The fact that Apple’s new product pipeline seemed to be lacking a category-defining device spawned almost doomsday critiques of the company. John Gruber, author of the Daring Fireball blog, explained in March why those extremely negative-leaning assessments were flawed. “The desire for the ‘Oh, how the mighty Apple has fallen’ narrative is so strong that the narrative is simply being stated as fact, evidence to the contrary be damned. It’s reported as true simply because they want it to be true. They’re declaring ‘The King is dead; long live the King’ not because the king has actually died or abdicated the throne, but because they’re bored with the king and want to write a new coronation story.”

Even though the company’s latest Galaxy was not initially met with the most laudatory reviews, Samsung, more often than not, benefited from the desire for a new coronation story. The South Korean company did report its highest third-quarter earnings ever in late October, with smartphone and chipset sales driving the record-breaking numbers.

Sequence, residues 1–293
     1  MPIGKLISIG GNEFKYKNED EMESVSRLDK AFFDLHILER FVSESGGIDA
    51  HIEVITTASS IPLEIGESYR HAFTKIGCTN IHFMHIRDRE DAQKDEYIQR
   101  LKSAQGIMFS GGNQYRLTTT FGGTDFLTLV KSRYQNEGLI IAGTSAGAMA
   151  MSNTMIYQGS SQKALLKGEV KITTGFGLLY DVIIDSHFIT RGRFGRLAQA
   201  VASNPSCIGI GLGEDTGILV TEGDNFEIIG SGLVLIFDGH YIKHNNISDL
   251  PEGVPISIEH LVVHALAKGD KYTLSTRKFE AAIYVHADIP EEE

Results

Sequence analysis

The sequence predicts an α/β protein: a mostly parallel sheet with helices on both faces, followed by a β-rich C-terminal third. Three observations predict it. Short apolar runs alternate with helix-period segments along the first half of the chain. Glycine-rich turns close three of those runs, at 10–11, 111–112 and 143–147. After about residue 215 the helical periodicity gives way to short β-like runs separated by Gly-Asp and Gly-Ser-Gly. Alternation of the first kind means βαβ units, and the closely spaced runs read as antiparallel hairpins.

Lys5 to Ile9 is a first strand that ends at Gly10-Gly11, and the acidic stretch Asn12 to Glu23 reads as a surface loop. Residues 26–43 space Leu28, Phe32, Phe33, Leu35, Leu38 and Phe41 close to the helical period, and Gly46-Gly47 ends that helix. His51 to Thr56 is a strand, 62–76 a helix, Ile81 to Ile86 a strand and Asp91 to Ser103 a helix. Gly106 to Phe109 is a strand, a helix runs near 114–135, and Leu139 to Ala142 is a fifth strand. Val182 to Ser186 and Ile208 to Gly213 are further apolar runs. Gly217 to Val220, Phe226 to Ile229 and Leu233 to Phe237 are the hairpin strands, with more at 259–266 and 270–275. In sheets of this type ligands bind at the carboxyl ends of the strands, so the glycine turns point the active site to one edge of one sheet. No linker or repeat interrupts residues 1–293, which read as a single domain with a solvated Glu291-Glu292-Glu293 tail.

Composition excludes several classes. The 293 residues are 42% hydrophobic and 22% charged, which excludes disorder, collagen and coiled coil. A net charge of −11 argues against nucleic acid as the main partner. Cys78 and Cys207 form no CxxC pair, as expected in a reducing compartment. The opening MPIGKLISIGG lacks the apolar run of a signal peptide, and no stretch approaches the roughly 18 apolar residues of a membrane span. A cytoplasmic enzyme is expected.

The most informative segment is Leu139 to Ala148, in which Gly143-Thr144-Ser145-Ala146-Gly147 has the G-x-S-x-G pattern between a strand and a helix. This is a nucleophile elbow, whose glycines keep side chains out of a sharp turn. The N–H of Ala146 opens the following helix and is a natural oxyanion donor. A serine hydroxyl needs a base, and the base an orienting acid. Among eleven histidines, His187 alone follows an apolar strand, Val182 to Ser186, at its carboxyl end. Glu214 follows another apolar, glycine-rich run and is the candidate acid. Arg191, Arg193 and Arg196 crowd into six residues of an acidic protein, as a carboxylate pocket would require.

Similarly, the latest iteration of Apple’s flagship iPhone produced some record-breaking numbers, selling a record $9 million units in its launch weekend, a figure that beat the 5 million iPhone 5s sold during the device’s September 2012 debut weekend and surpassed analysts’ expectations. However, with the release of the iPad Air and the second-generation iPad Mini last month, the focus of Apple comparisons have shifted from smartphones to tablets and the pessimism that dogged the iPhone earlier this year has now latched onto the iPad, the device whose introduction changed the entire computing industry.